Welcome back to Web 1.0 — the era of static HTML and monospace plain text files.
Internet self-classification codes.
But since this term is too long, let’s call them simply geek codes, OK?
They also used to be called signature codes due to the initial concept of inserting these codes into signature blocks when posting to newsgroups. However, this term is too ambiguous – most notably, “signature code” is another name for card verification number (CSC, CVV, etc).
So, what’s a geek code?
It is a string of (usually ASCII) symbols that describes these or those sides of a person in a compact form.
Remember how people in IRC asked each other about “a/s/l”? This stands for “age, sex, location”, and a female teenager from Germany would answer something like, “15/f/Dortmund”, while a male adult from France could describe himself as “33/m/Paris”.
Various communities, such as goths, furries, Chip ’n Dale Rescue Rangers fans, have developed geek codes relevant to their topic.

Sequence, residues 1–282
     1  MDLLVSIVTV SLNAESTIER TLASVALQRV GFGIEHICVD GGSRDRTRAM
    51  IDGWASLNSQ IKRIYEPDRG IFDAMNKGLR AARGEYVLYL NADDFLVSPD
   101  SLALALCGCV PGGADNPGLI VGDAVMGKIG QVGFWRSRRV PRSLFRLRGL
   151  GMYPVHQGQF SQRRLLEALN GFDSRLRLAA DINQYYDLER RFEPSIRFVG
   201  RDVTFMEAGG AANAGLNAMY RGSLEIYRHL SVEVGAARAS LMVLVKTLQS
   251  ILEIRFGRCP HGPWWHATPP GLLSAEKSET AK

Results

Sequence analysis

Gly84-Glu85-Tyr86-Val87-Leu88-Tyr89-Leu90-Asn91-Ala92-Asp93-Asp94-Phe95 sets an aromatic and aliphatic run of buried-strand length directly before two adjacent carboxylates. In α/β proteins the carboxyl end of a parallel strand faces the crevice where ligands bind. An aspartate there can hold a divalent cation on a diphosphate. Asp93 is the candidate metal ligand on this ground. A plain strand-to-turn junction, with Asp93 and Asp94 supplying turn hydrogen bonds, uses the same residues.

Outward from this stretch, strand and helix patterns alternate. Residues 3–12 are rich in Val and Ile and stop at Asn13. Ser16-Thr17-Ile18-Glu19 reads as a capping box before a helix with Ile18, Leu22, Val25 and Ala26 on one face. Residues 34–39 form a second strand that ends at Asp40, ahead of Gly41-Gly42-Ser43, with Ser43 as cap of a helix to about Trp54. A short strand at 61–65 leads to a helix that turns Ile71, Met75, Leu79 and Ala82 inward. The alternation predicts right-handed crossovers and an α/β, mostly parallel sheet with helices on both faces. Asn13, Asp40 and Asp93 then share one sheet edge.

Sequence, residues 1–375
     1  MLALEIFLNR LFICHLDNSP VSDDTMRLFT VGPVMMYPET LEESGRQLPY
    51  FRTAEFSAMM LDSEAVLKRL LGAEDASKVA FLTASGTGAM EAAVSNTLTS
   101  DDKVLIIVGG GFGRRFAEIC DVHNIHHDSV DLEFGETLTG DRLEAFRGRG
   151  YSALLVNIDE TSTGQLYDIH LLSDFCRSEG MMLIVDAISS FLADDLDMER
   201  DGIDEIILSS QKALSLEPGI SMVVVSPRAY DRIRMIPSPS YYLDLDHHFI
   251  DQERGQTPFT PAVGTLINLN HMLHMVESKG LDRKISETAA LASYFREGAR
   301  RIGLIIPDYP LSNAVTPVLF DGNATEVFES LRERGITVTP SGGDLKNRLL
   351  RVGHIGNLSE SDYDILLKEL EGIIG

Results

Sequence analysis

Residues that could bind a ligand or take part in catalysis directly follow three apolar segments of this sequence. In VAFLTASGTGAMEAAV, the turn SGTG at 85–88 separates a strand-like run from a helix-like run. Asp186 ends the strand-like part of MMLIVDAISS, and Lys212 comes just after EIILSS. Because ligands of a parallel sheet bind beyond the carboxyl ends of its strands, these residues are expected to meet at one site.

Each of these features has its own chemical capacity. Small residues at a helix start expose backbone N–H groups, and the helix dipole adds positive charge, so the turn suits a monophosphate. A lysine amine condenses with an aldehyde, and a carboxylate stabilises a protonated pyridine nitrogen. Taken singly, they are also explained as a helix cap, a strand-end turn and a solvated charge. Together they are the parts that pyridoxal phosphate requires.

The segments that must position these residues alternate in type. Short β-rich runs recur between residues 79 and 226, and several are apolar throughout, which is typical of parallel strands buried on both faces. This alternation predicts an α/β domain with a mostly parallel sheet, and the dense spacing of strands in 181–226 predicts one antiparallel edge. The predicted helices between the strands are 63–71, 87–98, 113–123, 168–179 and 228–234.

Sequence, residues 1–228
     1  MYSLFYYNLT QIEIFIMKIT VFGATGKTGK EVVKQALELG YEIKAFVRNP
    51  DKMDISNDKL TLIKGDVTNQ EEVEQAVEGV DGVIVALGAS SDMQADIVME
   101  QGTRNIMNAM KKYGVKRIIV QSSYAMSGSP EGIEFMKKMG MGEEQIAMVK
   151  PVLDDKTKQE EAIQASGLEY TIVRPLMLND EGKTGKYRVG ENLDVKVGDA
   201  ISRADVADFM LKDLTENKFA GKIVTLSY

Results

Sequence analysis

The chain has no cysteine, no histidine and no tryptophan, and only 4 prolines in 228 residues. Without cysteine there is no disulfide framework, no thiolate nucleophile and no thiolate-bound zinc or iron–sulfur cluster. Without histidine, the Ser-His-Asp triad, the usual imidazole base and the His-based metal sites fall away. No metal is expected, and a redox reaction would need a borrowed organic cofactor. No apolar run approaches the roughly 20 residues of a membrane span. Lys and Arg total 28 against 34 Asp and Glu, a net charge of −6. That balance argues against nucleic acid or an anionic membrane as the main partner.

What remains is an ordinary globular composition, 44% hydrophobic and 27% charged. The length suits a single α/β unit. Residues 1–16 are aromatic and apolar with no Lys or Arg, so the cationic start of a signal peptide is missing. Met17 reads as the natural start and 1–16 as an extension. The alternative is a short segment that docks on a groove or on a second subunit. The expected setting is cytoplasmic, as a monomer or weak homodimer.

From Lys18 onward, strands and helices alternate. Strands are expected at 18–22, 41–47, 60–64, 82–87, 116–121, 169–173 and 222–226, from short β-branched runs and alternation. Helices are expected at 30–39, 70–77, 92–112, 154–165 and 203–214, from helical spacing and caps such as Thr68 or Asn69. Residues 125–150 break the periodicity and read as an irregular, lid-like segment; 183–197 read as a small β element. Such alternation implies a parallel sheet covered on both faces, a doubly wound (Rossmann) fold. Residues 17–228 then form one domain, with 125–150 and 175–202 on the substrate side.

Some of the geek codes are adult-only (NC‑17, 18+, etc.), and we will not review them here.
Shouldn’t “Geek Code” refer to only one of the ISCCs?
Yes, technically, the Geek Code is one particular code (believed to be the progenitor of them all), but nowadays the word has become sort of… collective. For instance:
So, let’s come to the following agreement: it’s the capitalization of first letters that matters. Dragon Code is a geek code, and Geek Code is a geek code. Got it? Good.
When you say “Cat Code” or “Furry Code”, does it refer to the entire project or just someone’s text string?
Actually, it can be used in both meanings:
Usually it is clear in context.
So, where are all those codes?
They were popular in the 90s; early 2000s perhaps. Alas, now most links are broken. I’m currently crawling the Web, collecting all the information I can retrieve, searching through the Wayback Machine. As soon as the list is ready, it will be published here. Stay tuned.
|Last modified: May 03, 2016|
(looks more like 1996, doesn’t it?)
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why would you want to?